Levels of carbon dioxide (CO2) in the Earth’s atmosphere continue to rise despite the industrial slowdown brought on by COVID-19, according to the World Meteorological Organisation.
In its latest Greenhouse Gas Bulletin, the WMO reports a reduction in the emissions of many pollutants and greenhouse gases this year, but says the impact on CO2 concentrations was no bigger than normal year-to-year fluctuations in the carbon cycle and natural variability in carbon sinks.
Since 1990, there has been a 45% increase in total radiative forcing – the warming effect on the climate – by long-lived greenhouse gases, with CO2 accounting for 80% of this.
“We breached the global threshold of 400 parts per million in 2015 and just four years later we crossed 410 ppm. Such a rate of increase has never been seen in the history of our records,” says WMO Secretary-General Professor Petteri Taalas.
“The lockdown-related fall in emissions is just a tiny blip on the long-term graph. We need a sustained flattening of the curve.”
The Global Carbon Project estimates that daily CO2 emissions may have been reduced by up to 17% globally during the most intense period of the shutdown, but the total annual emission reduction over 2020 is unclear.
Preliminary estimates indicate a reduction in the annual global emission between 4.2% and 7.5%. At the global scale, an emissions reduction of this scale will not cause atmospheric CO2, to go down, the report says.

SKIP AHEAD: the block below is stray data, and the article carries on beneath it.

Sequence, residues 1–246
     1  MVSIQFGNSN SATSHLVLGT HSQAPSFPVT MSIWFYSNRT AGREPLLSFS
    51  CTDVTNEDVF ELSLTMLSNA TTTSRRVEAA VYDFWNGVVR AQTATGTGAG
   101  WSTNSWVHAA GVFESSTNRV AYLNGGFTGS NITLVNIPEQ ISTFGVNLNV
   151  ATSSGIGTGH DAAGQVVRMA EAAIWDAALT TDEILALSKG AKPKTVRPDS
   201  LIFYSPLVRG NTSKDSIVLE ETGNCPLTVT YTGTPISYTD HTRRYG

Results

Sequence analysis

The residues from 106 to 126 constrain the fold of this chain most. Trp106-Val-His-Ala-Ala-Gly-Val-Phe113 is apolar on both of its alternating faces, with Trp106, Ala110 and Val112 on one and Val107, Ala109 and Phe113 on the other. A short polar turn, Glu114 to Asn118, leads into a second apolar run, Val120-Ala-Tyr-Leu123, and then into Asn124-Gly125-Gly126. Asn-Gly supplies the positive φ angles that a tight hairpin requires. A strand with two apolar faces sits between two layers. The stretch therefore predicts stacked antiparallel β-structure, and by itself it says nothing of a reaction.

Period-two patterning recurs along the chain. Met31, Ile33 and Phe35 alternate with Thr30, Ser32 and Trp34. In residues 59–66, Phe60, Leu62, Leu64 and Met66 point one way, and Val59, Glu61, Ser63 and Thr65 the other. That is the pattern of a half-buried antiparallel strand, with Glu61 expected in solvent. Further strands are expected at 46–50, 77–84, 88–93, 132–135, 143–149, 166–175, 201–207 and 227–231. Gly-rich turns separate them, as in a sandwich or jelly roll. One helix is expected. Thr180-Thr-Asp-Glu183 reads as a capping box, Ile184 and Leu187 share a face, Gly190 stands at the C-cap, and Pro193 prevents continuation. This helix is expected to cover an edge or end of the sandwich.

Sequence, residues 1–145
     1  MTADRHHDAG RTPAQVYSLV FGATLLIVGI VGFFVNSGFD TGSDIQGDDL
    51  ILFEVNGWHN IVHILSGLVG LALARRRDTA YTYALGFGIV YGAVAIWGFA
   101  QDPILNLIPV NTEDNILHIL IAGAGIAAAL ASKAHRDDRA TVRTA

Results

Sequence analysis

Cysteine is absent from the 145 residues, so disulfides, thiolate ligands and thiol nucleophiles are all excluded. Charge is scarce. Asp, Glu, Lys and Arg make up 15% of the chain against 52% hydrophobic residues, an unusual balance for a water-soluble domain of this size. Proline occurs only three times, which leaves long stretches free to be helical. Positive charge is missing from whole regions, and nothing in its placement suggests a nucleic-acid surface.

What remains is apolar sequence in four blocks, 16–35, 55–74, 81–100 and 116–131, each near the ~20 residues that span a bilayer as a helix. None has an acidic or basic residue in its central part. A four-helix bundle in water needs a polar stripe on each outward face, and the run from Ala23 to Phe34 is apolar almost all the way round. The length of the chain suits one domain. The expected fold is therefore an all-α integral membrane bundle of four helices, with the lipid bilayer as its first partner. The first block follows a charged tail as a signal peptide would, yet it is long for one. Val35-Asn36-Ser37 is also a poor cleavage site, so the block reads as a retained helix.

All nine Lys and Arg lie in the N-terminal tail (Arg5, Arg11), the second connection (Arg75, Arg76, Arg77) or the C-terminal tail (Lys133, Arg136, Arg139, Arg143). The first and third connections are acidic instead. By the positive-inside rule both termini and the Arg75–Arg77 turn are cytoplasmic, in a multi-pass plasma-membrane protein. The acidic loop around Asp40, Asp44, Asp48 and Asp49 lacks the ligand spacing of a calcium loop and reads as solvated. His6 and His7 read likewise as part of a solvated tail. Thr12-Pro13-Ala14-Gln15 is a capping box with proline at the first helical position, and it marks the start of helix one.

The Greenhouse Gas Bulletin is based on observations and measurements from WMO’s Global Atmosphere Watch and partner networks, which includes atmospheric monitoring stations in remote Polar regions, high mountains and tropical islands.
The new issue reports that emissions from the combustion of fossil fuels and cement production, deforestation and other land-use change pushed 2019 atmospheric CO2 to 148% of the pre-industrial level of 278 ppm, which represented a balance of fluxes among the atmosphere, the oceans and the land biosphere.
During last decade, about 44% of CO2 remained in the atmosphere, while 23% was absorbed by the ocean and 29% by land, with 4% unattributed.
Individual stations have shown the upward trend continuing in 2020. Monthly Average CO2 concentrations at Mauna Loa, Hawaii, were 411.29 ppm in September, up from 408.54 ppm the previous year. At Cape Grim in Tasmania, Australia) the respective figures were 410.8 and 408.58 ppm.
And CO2 is not the only greenhouse gas trending the wrong way. Methane was 260% of pre-industrial levels in 2019, at 1877 parts per billion, and nitrous oxide, which is also an ozone depleting chemical, 123%, at 332ppm.
The Greenhouse Gas Bulletin is available on the WMO website.
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